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Friday, July 12, 2024

A newcomer’s review of ‘Five Nights at Freddy’s’

The fanbase brings the franchise to life through clever theorizing of its animatronics, pizzeria and characters


By ELIZABETH WOODHALL — arts@theaggie.org


The much-anticipated film “Five Nights At Freddy’s” (FNAF) was released on Oct. 27, 2023, almost nine years after the first video game in the series was released in 2014. Although the film seemed to underperform based on critics’s reviews, with one Rotten Tomatoes review describing it as “muddled and decidedly unscary,” this was not the case for fans who were introduced to new lore — and who finally got to see this adaptation come to life. 

The movie was initially going to be a Warner Bros. production but was ultimately moved to Blumhouse Productions, a company that is popular for delivering well-performing box-office thriller movies like “Get Out,” directed by Jordan Peele. Emma Tammi took on this project as a director and screenplay writer alongside Scott Cawthon, the video game creator. 

Although the first game, “Five Nights at Freddy’s,” was meant to be underground with a smaller fanbase, the game has now seeped into the mainstream culture that has been cultivated by fans who theorize what everything means in the game. For example, some people who grew up hearing about the games learned about the “Bite of ‘87” and then went down a rabbit hole of countless theories of what it all meant. 

The game holds a nostalgic element of horror, filled with seemingly nice but dangerous animatronics that haunt the once-popular Freddy Fazbear’s Pizza. The pizzeria was once known for its arcade-style, welcoming (but a little bit unnerving) ambiance. Children went there to have fun, play some games and most definitely not to get terrorized by the animatronics. The animatronics in the first game aren’t too hard to forget: Bonnie, a purple rabbit; Chica, a yellow chicken; Foxy, a pirate fox with an eyepatch and hook and Freddy, a brown bear.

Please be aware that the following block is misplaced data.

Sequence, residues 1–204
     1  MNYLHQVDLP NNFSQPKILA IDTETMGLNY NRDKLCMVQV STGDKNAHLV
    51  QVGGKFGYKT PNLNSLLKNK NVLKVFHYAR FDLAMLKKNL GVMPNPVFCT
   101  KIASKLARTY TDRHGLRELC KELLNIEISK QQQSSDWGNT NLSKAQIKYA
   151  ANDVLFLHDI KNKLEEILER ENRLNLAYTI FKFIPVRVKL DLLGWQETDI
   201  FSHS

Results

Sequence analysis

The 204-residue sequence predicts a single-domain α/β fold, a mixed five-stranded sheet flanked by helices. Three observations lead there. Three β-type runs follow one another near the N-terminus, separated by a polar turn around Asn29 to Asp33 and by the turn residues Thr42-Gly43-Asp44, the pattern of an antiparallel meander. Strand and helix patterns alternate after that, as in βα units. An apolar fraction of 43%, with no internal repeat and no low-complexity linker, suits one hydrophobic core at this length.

The protagonist in the game is Mike Schmidt, a new night guard who has to make sure that everything stays well-maintained at the pizzeria. During those five nights, Mike has to switch between watching the security cameras and making sure that no one — aka the animatronics — gets too close to his office. Once they get close enough, the player has a few seconds to close the door before Mike gets torn up by the animatronics. Can’t forget about the energy saving, though: the players can only use up so much energy — usually taken up from looking through the security cameras, keeping the lights on and keeping the door closed — until it runs out, ultimately leaving the player without electricity. When that happens, Mike is cornered in his office, left defenseless and gets eaten alive by any of the animatronics who are “free-roaming.” Not too scary, right? 

As the player navigates through the different nights, they learn more about the history behind the broken-down building that’s run by these animatronics who are hungry for human flesh. 

The movie starts with a night security guard being strapped to a torture device, one that seems to trap him in an animatronic. In a scene that introduced a gruesome and gory death, watchers — both new to the franchises and those who are familiar with the lore — are in for quite the treat. The protagonist Mike Schmidt is forced to take on a job as a night security guard after assaulting someone who he interpreted to be a kidnapper but was actually the child’s father. Steve Raglan, Mike’s career counselor, offers him the job, stressing that it’s not an easy one and most quit after a few weeks. He is desperate for a job after social services threaten to take his sister Abby away from his custody and place her in the hands of her money-seeking aunt Jane. He now has to depend on Abby’s babysitter, Max, to take care of her while he is away at night. This causes a greater strain on their relationship since Mike cannot seem to understand why Abby is so detached from the world, scribbling away with her crayons and imagining a different world.